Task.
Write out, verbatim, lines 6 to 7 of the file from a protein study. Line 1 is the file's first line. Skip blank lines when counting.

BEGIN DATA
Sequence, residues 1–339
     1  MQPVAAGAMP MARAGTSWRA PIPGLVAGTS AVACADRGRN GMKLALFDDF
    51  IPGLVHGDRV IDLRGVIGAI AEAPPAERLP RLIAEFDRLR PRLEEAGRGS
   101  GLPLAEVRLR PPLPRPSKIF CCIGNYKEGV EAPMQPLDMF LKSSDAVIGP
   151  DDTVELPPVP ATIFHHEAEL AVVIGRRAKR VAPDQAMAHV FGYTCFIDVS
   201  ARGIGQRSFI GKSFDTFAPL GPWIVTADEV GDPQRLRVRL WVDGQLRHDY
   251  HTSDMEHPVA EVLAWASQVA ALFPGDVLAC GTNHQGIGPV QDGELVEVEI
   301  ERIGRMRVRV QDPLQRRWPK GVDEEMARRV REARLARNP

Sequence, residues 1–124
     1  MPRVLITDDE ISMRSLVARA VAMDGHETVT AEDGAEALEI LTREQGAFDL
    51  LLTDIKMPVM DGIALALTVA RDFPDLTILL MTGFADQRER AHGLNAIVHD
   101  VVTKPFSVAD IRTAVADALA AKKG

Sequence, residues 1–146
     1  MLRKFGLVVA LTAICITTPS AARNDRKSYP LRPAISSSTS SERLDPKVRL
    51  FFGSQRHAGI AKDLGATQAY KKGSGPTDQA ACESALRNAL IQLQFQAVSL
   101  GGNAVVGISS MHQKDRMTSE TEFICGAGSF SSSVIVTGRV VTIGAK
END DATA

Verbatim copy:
   201  ARGIGQRSFI GKSFDTFAPL GPWIVTADEV GDPQRLRVRL WVDGQLRHDY
   251  HTSDMEHPVA EVLAWASQVA ALFPGDVLAC GTNHQGIGPV QDGELVEVEI